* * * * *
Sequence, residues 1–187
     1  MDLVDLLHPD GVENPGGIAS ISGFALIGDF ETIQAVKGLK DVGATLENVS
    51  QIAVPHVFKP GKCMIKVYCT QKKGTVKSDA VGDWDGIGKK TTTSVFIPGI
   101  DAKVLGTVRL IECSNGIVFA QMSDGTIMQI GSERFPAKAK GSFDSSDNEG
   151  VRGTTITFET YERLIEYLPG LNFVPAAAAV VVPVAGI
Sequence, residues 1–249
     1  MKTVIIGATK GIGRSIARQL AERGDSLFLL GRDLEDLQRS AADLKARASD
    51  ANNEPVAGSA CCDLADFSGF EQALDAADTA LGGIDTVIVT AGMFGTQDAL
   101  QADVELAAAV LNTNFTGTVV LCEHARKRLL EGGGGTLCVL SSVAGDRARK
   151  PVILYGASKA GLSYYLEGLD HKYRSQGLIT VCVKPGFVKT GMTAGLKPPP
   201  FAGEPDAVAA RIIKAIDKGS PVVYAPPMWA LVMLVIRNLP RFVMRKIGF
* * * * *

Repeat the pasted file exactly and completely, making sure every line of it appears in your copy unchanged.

Sequence, residues 1–187
     1  MDLVDLLHPD GVENPGGIAS ISGFALIGDF ETIQAVKGLK DVGATLENVS
    51  QIAVPHVFKP GKCMIKVYCT QKKGTVKSDA VGDWDGIGKK TTTSVFIPGI
   101  DAKVLGTVRL IECSNGIVFA QMSDGTIMQI GSERFPAKAK GSFDSSDNEG
   151  VRGTTITFET YERLIEYLPG LNFVPAAAAV VVPVAGI
Sequence, residues 1–249
     1  MKTVIIGATK GIGRSIARQL AERGDSLFLL GRDLEDLQRS AADLKARASD
    51  ANNEPVAGSA CCDLADFSGF EQALDAADTA LGGIDTVIVT AGMFGTQDAL
   101  QADVELAAAV LNTNFTGTVV LCEHARKRLL EGGGGTLCVL SSVAGDRARK
   151  PVILYGASKA GLSYYLEGLD HKYRSQGLIT VCVKPGFVKT GMTAGLKPPP
   201  FAGEPDAVAA RIIKAIDKGS PVVYAPPMWA LVMLVIRNLP RFVMRKIGF